An era of open information in healthcare is now under way. We have already experienced a decade of progress in digitizing medical records, as pharmaceutical companies and other organizations aggregate years of research and development data in electronic databases.
Healthcare stakeholders now have access to promising new threads of knowledge. This information is a form of “big data,” so called not only for its sheer volume but for its complexity, diversity, and timeliness. Pharmaceutical-industry experts, payors, and providers are now beginning to analyze big data to obtain insights.
Although these efforts are still in their early stages, they could collectively help the industry address problems related to variability in healthcare quality and escalating healthcare spend. For instance, researchers can mine the data to see what treatments are most effective for particular conditions, identify patterns related to drug side effects or hospital readmissions, and gain other important information that can help patients and reduce costs. Fortunately, recent technologic advances in the industry have improved their ability to work with such data, even though the files are enormous and often have different database structures and technical characteristics.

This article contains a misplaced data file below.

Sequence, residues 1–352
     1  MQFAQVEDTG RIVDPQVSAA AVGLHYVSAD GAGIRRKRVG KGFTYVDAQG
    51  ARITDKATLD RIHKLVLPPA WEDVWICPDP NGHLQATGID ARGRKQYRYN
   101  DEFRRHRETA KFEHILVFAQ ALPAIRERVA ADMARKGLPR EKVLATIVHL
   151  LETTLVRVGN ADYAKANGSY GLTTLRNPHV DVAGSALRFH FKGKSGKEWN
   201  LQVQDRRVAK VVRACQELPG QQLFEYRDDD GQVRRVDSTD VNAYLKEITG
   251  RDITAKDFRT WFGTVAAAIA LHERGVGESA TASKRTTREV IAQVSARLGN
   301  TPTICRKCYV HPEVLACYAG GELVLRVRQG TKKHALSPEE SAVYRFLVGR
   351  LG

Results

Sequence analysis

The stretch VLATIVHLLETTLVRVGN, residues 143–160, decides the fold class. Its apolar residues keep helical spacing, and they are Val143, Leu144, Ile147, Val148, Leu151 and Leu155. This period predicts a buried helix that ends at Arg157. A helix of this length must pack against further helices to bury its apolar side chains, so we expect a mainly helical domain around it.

Many innovative companies in the private sector—both established players and new entrants—are building applications and analytical tools that help patients, physicians, and other healthcare stakeholders identify value and opportunities.
For big-data initiatives to succeed, the healthcare system must undergo some fundamental changes. The big-data revolution is in its early days, and most of the potential for value creation is still unclaimed. But it has set the industry on a path of rapid change and new discoveries; stakeholders that are committed to innovation will likely be the first to reap the rewards.
This paper will help payors, pharmaceutical companies, and providers develop proactive strategies for winning in the new environment.Ver publicación